So according to Hebrews, chapter 13, the foundation of practical Christianity is Jesus Christ. His unchanging love makes God's blessings available to us. He is the unchanging one. He's always with us. His name -- Emmanuel -- means "God with us."  In Christ, God is close by. He will never leave us or forsake us. In Christ, we have a Helper and a Friend -- now, and forever. 

Christianity is practical. It's faith active in love. It's speaking the truth -- but always speaking it in love.  Jesus Christ is the foundation of our faith. Christianity is proclaimed by Christian leaders and pastors. They teach us about Christian love and its application in day-to-day life. Christian love is caring and compassionate. It reaches out across man-made boundaries. It listens. It understands. It acts. Christian love, according to verse 13 is something we keep on doing. And the blessing is two-way. It goes from us to the other, and returns, from them to us.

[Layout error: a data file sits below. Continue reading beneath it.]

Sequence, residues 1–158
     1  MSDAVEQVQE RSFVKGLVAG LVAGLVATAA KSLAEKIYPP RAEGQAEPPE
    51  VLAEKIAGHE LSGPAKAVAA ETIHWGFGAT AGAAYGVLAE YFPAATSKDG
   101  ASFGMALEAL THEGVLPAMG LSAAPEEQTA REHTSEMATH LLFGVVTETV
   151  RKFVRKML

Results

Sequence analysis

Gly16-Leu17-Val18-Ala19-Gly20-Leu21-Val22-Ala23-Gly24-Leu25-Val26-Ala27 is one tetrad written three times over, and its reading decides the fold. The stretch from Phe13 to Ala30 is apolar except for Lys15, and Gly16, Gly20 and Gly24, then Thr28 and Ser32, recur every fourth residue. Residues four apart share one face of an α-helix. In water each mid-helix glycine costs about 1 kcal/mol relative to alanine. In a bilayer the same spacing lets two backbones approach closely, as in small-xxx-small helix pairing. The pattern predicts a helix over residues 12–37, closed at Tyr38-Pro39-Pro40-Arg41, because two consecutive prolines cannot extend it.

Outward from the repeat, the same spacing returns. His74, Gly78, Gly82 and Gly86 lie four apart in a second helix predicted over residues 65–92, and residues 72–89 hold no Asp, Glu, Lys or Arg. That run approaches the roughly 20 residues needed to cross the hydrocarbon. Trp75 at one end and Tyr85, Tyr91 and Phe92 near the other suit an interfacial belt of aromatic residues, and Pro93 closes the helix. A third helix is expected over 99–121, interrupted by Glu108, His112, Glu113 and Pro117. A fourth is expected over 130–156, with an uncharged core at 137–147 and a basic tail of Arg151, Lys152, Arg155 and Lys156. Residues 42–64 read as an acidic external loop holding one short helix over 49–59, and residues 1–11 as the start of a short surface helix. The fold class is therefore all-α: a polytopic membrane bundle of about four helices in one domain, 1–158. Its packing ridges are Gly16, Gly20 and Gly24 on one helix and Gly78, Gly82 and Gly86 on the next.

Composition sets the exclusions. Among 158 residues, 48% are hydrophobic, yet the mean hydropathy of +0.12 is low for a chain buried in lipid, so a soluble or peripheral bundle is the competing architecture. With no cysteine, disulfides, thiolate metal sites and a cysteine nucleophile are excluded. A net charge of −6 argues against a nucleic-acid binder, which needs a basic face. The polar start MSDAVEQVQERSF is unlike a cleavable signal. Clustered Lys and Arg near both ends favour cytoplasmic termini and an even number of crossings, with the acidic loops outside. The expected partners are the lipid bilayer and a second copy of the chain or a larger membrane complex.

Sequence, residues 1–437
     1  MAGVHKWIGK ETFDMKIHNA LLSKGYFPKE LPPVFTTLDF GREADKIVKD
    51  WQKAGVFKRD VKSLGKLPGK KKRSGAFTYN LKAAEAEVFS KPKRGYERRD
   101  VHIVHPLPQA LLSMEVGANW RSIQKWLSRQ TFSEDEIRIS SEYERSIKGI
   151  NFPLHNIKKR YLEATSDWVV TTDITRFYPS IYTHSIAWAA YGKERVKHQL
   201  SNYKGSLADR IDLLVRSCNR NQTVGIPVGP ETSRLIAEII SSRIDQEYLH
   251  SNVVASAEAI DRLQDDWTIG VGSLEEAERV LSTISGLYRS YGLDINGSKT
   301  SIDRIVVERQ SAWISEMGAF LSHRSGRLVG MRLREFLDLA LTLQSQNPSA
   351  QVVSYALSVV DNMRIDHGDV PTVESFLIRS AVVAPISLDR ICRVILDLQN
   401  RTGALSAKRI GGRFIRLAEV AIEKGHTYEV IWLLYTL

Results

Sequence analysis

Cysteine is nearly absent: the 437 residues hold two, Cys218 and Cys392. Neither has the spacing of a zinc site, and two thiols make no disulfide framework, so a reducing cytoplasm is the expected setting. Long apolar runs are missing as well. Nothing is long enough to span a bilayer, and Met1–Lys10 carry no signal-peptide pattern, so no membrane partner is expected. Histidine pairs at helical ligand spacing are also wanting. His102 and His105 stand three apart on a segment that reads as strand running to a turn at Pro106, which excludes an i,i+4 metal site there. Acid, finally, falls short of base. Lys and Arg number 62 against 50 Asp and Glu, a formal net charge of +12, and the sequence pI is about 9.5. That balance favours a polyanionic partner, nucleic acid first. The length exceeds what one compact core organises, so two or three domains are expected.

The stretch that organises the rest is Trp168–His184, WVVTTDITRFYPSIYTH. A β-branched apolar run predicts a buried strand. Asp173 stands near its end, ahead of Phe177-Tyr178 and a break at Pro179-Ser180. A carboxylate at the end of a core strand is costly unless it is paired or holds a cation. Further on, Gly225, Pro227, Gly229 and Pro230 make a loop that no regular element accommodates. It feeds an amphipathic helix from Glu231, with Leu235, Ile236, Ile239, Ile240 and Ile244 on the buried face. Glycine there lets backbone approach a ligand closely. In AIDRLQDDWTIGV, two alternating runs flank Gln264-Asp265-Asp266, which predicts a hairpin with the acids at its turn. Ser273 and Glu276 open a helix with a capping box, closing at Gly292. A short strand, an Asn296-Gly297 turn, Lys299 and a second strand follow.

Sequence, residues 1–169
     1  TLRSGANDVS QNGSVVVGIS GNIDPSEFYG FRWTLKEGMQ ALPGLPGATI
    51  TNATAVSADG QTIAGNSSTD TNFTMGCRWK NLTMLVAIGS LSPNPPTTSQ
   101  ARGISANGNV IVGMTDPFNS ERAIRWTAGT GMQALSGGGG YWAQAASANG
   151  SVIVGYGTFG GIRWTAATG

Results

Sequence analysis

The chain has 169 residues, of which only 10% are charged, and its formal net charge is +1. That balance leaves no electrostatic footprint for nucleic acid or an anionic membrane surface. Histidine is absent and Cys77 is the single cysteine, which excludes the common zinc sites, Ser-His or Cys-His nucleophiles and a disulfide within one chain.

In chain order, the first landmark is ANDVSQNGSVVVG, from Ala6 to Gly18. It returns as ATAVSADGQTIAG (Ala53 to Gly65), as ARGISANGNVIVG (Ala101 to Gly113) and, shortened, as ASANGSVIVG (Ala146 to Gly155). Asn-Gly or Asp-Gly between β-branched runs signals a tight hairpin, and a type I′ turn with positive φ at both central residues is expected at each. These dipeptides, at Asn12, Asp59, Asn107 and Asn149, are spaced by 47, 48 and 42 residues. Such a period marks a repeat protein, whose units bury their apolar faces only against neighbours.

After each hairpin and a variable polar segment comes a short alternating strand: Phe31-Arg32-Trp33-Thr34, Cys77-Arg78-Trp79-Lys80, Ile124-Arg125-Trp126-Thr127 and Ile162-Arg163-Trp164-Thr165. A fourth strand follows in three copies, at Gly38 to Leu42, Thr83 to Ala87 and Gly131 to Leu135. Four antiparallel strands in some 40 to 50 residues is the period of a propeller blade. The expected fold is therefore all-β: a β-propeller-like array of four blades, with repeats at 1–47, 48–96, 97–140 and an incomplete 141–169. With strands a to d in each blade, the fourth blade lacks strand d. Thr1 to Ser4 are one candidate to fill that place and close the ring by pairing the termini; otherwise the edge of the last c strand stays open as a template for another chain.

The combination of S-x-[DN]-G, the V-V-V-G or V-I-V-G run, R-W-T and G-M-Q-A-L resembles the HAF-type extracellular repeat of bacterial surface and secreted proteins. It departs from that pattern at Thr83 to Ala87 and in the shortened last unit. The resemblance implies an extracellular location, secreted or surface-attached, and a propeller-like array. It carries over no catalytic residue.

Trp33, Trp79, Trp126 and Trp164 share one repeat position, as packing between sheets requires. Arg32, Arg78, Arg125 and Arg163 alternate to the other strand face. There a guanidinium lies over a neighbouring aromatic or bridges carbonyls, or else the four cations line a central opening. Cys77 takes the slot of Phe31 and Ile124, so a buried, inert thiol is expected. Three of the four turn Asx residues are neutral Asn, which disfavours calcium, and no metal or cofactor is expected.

Christian love welcomes the stranger. It looks past the exterior of a person to see the one Christ died for. It receives God's blessings through Word and Sacrament and it shares those blessings with others. The writer of Hebrews reminds us that marriage is God's gift to His people and an important expression of Christian love. And, as we will also see this morning, Christian leaders remind us that our attitude towards material things is another practical expression of Christian love. We know what God has done for us, and we thankfully count those blessings.